"Duke Sociology Professor Lisa A. Keister examines how religion affects the wealth of believers [...]See also the report: “Conservative Protestants and Wealth: How Religion Perpetuates Asset Poverty”
The study examines why conservative Protestants are dramatically overrepresented at the bottom of the U.S. wealth distribution and concludes that the cultural understandings that accompany conservative Protestant beliefs influence wealth ownership directly and indirectly.
Religious beliefs affect conservative Protestants’ wealth in a number of ways. They influence wealth ownership directly by shaping the values that people use to make work and financial decisions. In particular, Biblical references to God’s exclusive ownership of worldly goods lead to practices which are likely to reduce saving and asset accumulation.
Using the Economic Values Survey and the National Longitudinal Study of Youth, the study found that conservative Protestants tend to hold the following beliefs:
-- Divine advice, advice from clergy and other religious advice about money and work have merit. More conservative Protestants than other people surveyed are likely to pray about financial decisions, for example.
-- Excess accumulation of wealth is undesirable. More conservative Protestants said money prevents one from knowing God than other people surveyed.
Religious belief also can influence net worth indirectly through behavior that impedes the accumulation of wealth. This behavior includes:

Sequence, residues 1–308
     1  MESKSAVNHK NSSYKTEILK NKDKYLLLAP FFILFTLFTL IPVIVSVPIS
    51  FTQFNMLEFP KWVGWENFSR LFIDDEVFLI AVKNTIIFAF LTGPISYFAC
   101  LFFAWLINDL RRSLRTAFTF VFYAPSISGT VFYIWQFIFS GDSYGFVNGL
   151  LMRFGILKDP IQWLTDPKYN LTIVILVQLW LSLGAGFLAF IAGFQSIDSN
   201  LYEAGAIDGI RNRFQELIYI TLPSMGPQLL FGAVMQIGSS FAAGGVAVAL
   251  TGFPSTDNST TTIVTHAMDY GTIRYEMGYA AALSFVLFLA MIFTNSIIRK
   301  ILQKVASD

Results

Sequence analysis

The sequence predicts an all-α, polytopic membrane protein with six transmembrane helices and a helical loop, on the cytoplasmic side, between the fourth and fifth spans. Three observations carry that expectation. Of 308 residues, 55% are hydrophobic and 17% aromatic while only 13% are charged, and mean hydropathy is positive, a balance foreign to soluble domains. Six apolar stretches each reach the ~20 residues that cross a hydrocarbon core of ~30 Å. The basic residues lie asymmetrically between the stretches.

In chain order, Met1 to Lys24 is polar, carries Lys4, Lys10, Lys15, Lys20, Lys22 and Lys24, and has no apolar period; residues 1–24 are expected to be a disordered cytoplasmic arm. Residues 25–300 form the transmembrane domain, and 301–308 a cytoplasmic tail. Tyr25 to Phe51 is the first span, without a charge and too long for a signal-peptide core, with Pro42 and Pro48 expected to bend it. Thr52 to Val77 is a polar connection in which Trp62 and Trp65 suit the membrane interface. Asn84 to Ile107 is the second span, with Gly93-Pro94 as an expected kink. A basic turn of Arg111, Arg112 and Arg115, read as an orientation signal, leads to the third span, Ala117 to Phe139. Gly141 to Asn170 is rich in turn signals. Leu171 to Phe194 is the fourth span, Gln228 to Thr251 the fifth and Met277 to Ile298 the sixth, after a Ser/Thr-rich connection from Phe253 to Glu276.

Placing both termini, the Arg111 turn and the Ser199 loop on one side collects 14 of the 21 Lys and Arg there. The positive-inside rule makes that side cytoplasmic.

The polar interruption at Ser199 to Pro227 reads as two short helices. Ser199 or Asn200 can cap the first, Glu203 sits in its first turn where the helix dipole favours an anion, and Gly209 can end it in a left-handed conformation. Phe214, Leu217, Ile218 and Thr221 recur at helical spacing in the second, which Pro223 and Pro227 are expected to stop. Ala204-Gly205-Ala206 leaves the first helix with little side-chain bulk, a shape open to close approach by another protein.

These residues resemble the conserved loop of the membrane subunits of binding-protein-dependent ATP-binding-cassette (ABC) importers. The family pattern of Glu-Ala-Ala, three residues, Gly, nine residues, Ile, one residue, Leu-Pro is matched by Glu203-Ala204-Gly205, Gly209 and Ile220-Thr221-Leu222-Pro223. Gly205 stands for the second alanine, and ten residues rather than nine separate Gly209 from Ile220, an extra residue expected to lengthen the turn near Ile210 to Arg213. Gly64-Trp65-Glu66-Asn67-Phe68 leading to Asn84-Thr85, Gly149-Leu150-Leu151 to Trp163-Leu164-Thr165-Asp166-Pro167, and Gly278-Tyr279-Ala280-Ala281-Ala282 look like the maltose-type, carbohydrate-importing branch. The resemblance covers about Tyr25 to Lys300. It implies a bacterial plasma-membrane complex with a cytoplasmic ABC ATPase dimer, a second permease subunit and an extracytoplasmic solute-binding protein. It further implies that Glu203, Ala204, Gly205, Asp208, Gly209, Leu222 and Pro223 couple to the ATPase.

-- Low educational attainment. Education is one of the strongest predictors of wealth, and conservative Protestants have significantly less education than members of other faiths.
-- Conservative Protestants tend to have children relatively early and to have large families, both of which make saving difficult. Also, conservative Protestant women tend not to work outside the family, which also reduces the ability to save. Saving and the resulting growth of assets “are perhaps the single biggest predictors of total adult wealth,” the study says.
Keister notes that the results could be influenced by the conservative Protestants’ socioeconomic class, but she found that religion had a significant effect after controlling for class background, adult class and other indicators such as parents’ education and income.
Nor does race appear to be responsible for the effect of conservative Protestantism on wealth. She found that the effect was stronger among black conservative Protestants, but was significant among whites as well."
Dukenews, March 24, 2008
This is very interesting, and I have to say, sad. It just goes to show how religion contributes to their poverty, thereby dragging them further down into ignorance. I'm not one to say that getting rich is the only good thing in the world, but being poor is hardly desirable either. Especially not when you live in a country where ending up in a hospital can be very expensive.
The Conservative Protestant fear of wealth is also an interesting reminder of the old ties between Christianity and Communism.
Also, that Blacks are poorer can therefore in part be explained by their widespread religiosity. As Norm Allen said in a Point of Inquiry Podcast, in the old days, the Church was the only free space they had. Here's two podcasts with him that I highly recommend March 14. 2008 and November 24. 2006.